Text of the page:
Unlike some of the really bad decisions in the third party payor context that have allowed RICO claims to proceed (see here and internal links), the plaintiffs here all claimed to have paid third party retailers like pharmacies and grocery stores for the drugs they purchased. Defendants’ argument was fairly straightforward and grounded in multiple Supreme Court decisions. They contended RICO prohibits recovery by indirect purchasers because its language focuses on direct purchasers and that language was modeled on federal antitrust law, which clearly prohibits recovery by indirect purchasers. Id. at *4.
The rationales for barring indirect purchaser suits are: (1) facilitating more effective enforcement of antitrust laws; (2) avoiding complicated damages calculations; and (3) eliminating duplicative damages against antitrust defendants.
Id. at *5 (internal citation omitted). The majority of federal courts to consider the application of the indirect purchaser rule to civil RICO claims, including three circuit courts and a decision from the Southern District of Florida earlier this year, followed the same rationale. Id. at *6.
Plaintiffs did not accede to the majority position without a fight. They argued that a 1985 Supreme Court decision somehow trumped the 1992 Supreme Court decision endorsing antitrust principles for the interpretation of RICO’s language. They also argued that language in an Eleventh Circuit decision from 1988 that there are “perils in relying too closely on the analogy of the antitrust laws” weighed against adopting the indirect purchaser rule. Id. at *7. Neither worked. Then they claimed that RICO standing could be established based solely on allegations of proximate cause, citing another 1988 Eleventh Circuit case that involved direct purchasers. “Because the Supreme Court’s message in Holmes [the 1992 case] was clear, the Court is persuaded to join the prevailing view that the indirect purchaser rule applies to RICO claims.” Id.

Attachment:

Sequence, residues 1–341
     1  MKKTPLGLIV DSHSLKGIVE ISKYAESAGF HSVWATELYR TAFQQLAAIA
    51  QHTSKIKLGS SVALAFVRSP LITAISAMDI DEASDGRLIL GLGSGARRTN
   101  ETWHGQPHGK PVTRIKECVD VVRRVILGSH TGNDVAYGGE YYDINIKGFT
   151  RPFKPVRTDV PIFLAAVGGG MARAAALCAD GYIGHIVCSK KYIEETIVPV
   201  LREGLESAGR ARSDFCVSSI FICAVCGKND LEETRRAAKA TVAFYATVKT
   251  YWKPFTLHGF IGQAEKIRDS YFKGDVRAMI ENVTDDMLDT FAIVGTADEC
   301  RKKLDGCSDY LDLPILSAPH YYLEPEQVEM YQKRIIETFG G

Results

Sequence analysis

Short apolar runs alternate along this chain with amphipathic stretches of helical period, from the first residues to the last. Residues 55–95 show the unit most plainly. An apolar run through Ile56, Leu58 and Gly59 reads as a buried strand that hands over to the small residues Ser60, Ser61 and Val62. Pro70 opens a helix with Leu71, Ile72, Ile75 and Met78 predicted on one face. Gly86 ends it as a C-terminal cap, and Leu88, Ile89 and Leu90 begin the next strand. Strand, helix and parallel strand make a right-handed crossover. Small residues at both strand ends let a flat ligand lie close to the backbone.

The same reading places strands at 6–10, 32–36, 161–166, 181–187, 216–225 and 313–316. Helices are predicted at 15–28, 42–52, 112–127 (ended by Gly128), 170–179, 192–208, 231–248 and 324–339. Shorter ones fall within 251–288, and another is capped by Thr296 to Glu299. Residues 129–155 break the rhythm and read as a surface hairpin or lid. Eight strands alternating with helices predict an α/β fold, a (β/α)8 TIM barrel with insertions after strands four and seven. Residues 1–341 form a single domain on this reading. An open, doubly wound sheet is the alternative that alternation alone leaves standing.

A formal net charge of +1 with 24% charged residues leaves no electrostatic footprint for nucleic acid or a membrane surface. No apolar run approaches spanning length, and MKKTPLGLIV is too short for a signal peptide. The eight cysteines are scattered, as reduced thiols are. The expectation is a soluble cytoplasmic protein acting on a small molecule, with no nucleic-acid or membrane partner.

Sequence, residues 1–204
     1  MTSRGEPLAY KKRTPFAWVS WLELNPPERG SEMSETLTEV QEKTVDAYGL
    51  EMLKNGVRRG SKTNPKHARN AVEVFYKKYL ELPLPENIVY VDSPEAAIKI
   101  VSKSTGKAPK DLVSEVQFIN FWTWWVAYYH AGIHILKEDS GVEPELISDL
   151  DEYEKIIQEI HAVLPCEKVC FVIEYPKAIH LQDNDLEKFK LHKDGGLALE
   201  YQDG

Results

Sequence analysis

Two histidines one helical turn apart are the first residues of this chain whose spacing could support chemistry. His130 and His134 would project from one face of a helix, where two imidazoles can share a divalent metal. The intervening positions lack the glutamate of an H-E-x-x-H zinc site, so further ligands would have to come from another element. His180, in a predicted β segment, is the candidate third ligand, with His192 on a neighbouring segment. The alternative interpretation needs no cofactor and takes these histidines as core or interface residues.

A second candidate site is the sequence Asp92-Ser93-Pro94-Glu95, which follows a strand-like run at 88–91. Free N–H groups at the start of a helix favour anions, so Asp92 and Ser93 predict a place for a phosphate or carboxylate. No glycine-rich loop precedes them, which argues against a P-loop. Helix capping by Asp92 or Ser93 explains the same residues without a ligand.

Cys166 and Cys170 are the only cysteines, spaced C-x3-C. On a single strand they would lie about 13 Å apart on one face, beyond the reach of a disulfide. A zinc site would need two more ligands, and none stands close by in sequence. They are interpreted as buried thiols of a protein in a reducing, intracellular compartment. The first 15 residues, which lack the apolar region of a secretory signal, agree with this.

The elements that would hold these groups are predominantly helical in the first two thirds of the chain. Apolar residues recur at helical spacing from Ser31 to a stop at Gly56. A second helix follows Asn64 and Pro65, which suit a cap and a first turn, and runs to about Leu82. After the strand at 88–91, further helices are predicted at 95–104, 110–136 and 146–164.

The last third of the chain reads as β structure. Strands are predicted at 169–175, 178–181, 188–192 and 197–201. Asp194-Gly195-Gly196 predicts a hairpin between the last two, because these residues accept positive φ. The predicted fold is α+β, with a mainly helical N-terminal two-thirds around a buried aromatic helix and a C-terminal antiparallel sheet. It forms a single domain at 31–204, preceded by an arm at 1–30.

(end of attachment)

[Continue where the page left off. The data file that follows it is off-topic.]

Because plaintiffs “were not the first, nor even the second, purchasers in the OTC distribution chain,” the dismissal of their claims in the face of the adoption of the indirect purchaser rule was clear. Id.at *8. Yet, they offered a creative argument for the creation of an exception to the indirect purchaser rule for those who allegedly suffered “direct harm” or were the “first victims” of the alleged RICO scheme. Although creative, this too had been addressed and rejected by a circuit court. Id. at **8-9 (citing Warren Gen. Hosp. v. Amgen Inc., 643 F.3d 77, 92 (3d Cir. 2011)). Thus, the indirect purchaser rule was an “unsurmountable hurdle for Plaintiffs” and their RICO claims were dismissed with prejudice. Id. at *9. With that, we will resist the urge to make any analogies to real or fictional mobsters and simply say that the ruling seems to us like another step in eliminating frivolous, but dangerous, civil RICO claims from product liability litigation against drug manufacturers.